New York City

New York City Travel Guide

This floating museum is housed in a former U.S. aircraft carrier that served in WWII and Vietnam War. The ship retired in 1982 and, in that same year, the museum was opened.

This home décor store is the kind of place you can get lost in for hours. Every inch of space (ceiling included) is overflowing with charming gift-worthy items, such as brightly colored Yves Delorme mohair throws, owl-shaped salt and pepper shakers, and Savon de Marseille soaps.

Since 1963, this three-screen cinema has showcased a canon of cult classics—not to mention an eclectic mix of edgier flicks. Want to re-watch Mulholland Drive on the big screen? You may be in luck.

Forget the clothes: the real lure is the Rem Koolhaas-designed store itself. Manhattan’s Prada flagship replaced the downtown branch of the Guggenheim Museum in 2001—and since then, architecture freaks (and, yes, fashionistas) have been flocking to the futuristic 23,000-square-foot store.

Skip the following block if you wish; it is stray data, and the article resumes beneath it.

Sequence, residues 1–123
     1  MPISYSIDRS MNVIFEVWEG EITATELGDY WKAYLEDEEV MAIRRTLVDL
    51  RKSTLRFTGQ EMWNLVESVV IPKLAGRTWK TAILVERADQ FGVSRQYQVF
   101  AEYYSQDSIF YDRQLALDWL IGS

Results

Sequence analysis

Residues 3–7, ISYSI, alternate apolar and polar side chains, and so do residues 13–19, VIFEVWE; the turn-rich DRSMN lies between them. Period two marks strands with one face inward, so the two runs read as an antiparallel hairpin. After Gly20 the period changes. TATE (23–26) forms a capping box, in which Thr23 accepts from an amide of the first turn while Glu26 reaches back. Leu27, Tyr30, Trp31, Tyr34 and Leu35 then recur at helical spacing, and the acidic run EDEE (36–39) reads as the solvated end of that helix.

If the diminutive storefront with its gilded signage, flowerpots, and tin ceiling recalls an earlier era, so does the spirit of this indie bookstore, which has inspired neighborhood loyalty since 1978.

This attractive (and nice-smelling) shop sells space-saving, stylish, and smart housewares. You don’t have to live in a closet-sized apartment to enjoy its great products. Open daily, around noon–around 7 pm.

Housing 50 NYC-themed lanes, Bowlmor is part bowling alley, part nightclub. Beyond knocking down pins over drinks, there’s also the Stadium Grill Sports Bar and Restaurant, run by celeb chef David Burke.

With seemingly countless galleries lining its streets, Chelsea is essentially a museum—one displaying everything from experimental art from up-and-comers to more staid works by longtime greats.

Tucked away on W. 12th Street, between University Street and Fifth Avenue, is this French-inspired café that has been serving up the neighborhood’s creamiest café au laits for years.